Concerns. The kilojoule content of foods isn’t the determining factor in whether foods are healthful. By focusing on kilojoule content, followers restrict their energy intake on fast days, but don’t necessarily fill their meals with vital nutrients. Also, while being aware of the food choices we make each day is a great thing, 2500 kilojoules is not a lot of food, making it hard to stick to this diet. An example of a 2500-kilojoule day could be a boiled egg with a small piece of toast for breakfast and an evening meal of about 100 grams of chickpeas tossed through salad greens with a small cup of milky herbal tea. Such a tight restriction might lead someone to fixate too much on quantity rather than quality.
On the other hand, nonfast days have no restrictions, meaning that for five days a week, those who practise the 5:2 lifestyle could be eating a typically poor, high-kilojoule modern diet and a kilojoule-restricted version of this same poor diet for the remaining two days.
Ironically, when you combine what each of these diets does well, you’ll find a pretty similar message to what Signor Cornaro recommended centuries ago, which in turn has a lot in common with the teachings of many other traditional cultures. A modern diet that’s packed with plant foods that are as close to their natural state as possible is a robust foundation for building a healthy diet that’s stood the test of time. It has served people well in the past and it can serve us well in the present, helping to ensure that we have a long and healthy future.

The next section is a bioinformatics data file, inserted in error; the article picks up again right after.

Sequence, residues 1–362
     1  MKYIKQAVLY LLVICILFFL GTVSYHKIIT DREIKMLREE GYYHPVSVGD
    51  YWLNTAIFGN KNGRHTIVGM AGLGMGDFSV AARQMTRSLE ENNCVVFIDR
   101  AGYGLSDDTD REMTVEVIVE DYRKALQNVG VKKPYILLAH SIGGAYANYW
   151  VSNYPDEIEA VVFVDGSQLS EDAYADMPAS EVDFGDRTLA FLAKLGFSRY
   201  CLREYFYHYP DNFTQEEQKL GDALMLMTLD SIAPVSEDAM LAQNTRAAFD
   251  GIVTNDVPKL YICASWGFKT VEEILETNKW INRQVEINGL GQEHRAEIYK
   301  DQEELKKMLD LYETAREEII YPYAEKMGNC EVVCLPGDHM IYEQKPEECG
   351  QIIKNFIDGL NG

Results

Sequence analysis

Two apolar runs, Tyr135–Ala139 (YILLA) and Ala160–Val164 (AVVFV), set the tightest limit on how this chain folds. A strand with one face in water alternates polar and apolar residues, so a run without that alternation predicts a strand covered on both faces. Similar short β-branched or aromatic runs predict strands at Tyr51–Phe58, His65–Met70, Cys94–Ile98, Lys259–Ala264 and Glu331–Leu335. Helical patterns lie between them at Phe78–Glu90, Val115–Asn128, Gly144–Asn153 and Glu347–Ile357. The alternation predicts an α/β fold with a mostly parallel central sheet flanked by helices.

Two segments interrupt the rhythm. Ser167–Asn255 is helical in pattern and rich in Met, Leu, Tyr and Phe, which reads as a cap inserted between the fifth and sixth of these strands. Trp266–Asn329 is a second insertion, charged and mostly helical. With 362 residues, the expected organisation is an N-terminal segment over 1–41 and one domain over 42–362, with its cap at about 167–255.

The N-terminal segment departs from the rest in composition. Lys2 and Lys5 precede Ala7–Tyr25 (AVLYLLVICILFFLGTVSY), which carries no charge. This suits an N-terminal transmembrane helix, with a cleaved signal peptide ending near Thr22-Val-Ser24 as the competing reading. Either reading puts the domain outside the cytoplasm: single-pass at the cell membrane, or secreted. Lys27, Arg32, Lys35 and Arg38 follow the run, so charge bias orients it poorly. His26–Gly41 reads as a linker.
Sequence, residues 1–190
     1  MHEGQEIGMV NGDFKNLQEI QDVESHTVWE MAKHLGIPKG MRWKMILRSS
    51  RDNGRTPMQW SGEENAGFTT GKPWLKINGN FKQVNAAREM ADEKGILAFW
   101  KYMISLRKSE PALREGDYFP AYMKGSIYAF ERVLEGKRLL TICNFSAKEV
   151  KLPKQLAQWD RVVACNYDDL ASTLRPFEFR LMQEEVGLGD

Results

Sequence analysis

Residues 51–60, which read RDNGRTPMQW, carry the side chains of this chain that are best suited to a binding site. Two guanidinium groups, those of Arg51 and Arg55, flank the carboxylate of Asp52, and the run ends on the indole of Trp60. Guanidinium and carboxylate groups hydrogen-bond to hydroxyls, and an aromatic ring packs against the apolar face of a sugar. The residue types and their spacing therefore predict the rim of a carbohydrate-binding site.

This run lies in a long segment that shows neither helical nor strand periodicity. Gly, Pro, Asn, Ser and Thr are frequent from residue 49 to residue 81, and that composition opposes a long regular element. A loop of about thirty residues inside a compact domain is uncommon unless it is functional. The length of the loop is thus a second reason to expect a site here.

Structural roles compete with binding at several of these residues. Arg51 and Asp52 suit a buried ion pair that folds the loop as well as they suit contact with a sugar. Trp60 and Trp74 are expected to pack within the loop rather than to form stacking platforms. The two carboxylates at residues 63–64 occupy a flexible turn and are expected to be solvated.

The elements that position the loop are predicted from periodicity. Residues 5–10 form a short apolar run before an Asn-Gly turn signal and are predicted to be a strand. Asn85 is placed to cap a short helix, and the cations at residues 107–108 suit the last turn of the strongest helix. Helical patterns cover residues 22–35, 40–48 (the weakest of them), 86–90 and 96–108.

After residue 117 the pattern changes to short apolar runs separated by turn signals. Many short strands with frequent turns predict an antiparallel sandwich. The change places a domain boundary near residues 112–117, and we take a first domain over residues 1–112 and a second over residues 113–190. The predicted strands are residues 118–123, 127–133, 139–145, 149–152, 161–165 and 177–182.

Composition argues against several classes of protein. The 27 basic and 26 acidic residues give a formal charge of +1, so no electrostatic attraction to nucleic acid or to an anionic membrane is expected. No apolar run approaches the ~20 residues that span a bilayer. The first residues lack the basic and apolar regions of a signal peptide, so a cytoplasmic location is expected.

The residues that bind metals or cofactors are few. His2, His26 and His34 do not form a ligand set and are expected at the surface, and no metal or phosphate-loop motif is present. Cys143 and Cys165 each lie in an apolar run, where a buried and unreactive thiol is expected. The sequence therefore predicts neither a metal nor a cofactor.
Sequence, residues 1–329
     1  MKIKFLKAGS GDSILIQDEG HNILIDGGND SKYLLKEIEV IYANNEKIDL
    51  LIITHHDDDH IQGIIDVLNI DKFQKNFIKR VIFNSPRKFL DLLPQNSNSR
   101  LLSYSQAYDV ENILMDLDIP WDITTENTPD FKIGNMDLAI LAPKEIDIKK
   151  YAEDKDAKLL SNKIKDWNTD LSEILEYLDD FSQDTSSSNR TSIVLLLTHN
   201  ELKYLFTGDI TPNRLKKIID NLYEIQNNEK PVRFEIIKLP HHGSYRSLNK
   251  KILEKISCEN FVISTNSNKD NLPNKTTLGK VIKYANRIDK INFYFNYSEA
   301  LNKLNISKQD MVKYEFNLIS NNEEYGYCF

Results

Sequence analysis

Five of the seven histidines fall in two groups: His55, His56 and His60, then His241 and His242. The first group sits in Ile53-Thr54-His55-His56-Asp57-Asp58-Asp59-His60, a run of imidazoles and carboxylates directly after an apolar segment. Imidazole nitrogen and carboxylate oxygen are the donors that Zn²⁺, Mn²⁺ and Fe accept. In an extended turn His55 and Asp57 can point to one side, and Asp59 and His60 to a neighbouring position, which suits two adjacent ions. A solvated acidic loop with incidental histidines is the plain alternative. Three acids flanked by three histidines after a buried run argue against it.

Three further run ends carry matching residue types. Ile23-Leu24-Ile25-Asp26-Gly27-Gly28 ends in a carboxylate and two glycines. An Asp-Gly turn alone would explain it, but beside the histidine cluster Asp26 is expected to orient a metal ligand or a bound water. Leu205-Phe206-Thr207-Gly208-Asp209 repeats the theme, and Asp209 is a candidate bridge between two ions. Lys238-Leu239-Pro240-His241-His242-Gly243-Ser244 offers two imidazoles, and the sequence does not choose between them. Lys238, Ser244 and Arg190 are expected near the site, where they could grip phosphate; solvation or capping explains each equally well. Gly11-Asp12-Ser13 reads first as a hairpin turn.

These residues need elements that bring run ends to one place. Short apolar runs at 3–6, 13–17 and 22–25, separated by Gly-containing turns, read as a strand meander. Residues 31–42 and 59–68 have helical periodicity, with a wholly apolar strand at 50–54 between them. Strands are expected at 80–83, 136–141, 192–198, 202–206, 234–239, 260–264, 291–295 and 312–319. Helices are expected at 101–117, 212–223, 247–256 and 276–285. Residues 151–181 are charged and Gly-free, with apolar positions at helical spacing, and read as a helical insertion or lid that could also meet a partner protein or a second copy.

While it’s easy to pin all the blame for an unhealthy diet solely on one or two components such as sugar or saturated fat, the reality has many more shades of grey. When we focus too strongly on just one part of our diet, whether it be grains, sugar or kilojoule counts, it’s easy to miss the forest for the trees.